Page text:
Quietly, with little public notice, the Town of Oyster Bay is working to pass a zoning ordinance that could allow development of an environmentally sensitive property, threatening drinking water and destroying precious open space.
The town has been trying to sell the parcel, the 65-acre sandpits in Plainview, to Holiday Management, a Westbury developer. Holiday didn’t return Long Island Voice phone calls, but documents submitted to the town outline the company’s plan to pave over 56 of the acres with 72 condominiums, 138 single-family homes and 160 “waterfront villas.”
Last spring, Holiday drew criticism when company officials proposed creating a two-tier lake for those waterfront villas by lining the pits with vinyl, which would prevent rain from filtering through the soil and recharging the sole-source aquifer that runs beneath the property. John Turner of the New York State Water Resource Commission says his agency has warned Oyster Bay leaders that the development could add pollution to Long Island’s water and cut into already dwindling water supplies. “Not only does this project have water-quality concerns, but there are also water-quantity concerns,” Turner says. “It’s clear we’re over-pumping the system.”
Turner’s agency persuaded the town to set aside nine of the property’s 35 wooded acres but made little other progress. Now the Town Board is preparing to vote Dec. 14 on a zoning ordinance that would allow Holiday to finally move forward with its plans for the “Hamlet on Olde Oyster Bay,” waterfront villas and all.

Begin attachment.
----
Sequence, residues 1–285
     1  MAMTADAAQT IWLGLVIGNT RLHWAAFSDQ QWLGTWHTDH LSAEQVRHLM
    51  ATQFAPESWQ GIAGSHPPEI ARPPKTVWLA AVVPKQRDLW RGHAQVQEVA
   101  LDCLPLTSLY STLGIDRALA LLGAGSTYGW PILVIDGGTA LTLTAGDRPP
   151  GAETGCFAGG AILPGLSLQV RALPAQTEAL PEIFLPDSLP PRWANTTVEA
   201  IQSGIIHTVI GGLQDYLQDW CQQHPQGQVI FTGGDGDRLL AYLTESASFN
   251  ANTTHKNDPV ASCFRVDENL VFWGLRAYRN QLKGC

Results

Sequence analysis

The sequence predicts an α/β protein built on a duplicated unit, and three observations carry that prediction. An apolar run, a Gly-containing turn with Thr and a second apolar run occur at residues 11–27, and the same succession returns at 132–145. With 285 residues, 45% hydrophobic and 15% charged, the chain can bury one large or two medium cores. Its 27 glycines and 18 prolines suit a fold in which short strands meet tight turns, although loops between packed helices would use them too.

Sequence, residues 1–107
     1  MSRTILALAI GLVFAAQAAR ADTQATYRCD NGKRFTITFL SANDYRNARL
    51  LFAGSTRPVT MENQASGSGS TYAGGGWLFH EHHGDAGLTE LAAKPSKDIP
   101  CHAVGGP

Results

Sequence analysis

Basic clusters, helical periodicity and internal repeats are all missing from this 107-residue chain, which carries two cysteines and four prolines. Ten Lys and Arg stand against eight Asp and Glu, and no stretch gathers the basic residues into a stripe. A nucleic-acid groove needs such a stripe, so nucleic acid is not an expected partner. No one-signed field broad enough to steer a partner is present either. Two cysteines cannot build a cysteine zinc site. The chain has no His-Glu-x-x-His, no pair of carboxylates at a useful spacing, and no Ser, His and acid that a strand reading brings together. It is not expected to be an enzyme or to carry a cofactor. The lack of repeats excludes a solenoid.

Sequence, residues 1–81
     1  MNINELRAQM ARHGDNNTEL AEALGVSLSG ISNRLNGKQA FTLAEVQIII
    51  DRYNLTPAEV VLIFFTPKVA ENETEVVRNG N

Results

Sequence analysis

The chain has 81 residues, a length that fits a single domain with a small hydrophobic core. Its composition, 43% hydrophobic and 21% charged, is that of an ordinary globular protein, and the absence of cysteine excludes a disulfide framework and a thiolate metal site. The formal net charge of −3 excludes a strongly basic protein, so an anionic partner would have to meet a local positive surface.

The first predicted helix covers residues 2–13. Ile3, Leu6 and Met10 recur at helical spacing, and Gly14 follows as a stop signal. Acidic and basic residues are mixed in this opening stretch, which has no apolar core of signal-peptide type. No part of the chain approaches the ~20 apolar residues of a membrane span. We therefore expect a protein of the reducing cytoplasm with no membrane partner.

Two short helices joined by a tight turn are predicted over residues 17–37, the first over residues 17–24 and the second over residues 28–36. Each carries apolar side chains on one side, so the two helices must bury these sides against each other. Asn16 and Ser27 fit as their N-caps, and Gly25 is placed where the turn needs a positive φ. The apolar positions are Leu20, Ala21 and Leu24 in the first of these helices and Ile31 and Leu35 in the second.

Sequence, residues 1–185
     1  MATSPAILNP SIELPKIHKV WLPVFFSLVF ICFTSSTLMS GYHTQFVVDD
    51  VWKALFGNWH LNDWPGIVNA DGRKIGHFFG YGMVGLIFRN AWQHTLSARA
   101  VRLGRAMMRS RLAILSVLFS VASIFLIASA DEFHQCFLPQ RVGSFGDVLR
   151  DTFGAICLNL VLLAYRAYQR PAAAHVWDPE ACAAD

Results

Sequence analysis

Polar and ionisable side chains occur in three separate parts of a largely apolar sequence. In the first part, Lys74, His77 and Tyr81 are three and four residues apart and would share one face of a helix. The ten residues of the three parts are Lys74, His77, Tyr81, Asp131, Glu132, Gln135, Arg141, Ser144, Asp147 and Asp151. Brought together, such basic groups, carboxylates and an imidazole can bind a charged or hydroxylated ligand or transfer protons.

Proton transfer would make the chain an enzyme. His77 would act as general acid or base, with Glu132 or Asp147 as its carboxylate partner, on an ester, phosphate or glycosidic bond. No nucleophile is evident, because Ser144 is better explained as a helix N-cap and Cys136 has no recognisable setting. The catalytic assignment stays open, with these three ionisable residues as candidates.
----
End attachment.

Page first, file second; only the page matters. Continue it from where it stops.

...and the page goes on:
The proposed zoning change would create a special Planned Use Development District, a fancy way of saying developers will be able to put up denser subdivisions than normally permitted. In Suffolk County, the arrangement allowed Pine Barrens activists to preserve thousands of acres in exchange for accepting dense development at the edge of the forest. But in Oyster Bay, the arrangement translates into enhanced profits for developers, who are able to cram more housing into smaller areas. In addition to plowing under Plainview, the special district could be used to allow construction on the 81-acre Underhill property, one of the last pristine tracts in Oyster Bay—and another Holiday project atop a sole-source aquifer.
Bonnie Eisler, one of two Democrats recently elected to the formerly all-Republican board, says she was surprised by the move, since she and Anthony Macagnone were promised by town officials they’d be able to vote on the Plainview proposal after they’re inaugurated in January. By then, it now appears, the sale will be in the books.
What’s not clear to Turner, Eisler and community activists is whether Holiday still intends to seal off the sandpits to create an artificial lake. Voice calls to the town planning department were referred to the public information office, which ignored requests for comment. Eisler says she suspects that the only way to get waterfront lots is to seal the pits. “If they don’t line the pits, the water will continue to be absorbed into the ground,” she says. “Hopefully, this is important for the people, because it is our source of drinking water.”
Selling the Plainview sandpits is equally important to town officials, who hope to add $16 million to public coffers from the transaction. That’s $8 million less than Town Supervisor John Venditto projected for the sale—a shortfall that recently forced the town to issue bonds to close the gap. Eisler says taxpayers will end up spending $800,000 annually for 20 years to cover the new debt.
“They’re letting the developers call the shots, and we’re all going to pay,” Eisler says. “We’re paying now with the bond, and we’ll pay in the future with our drinking water.”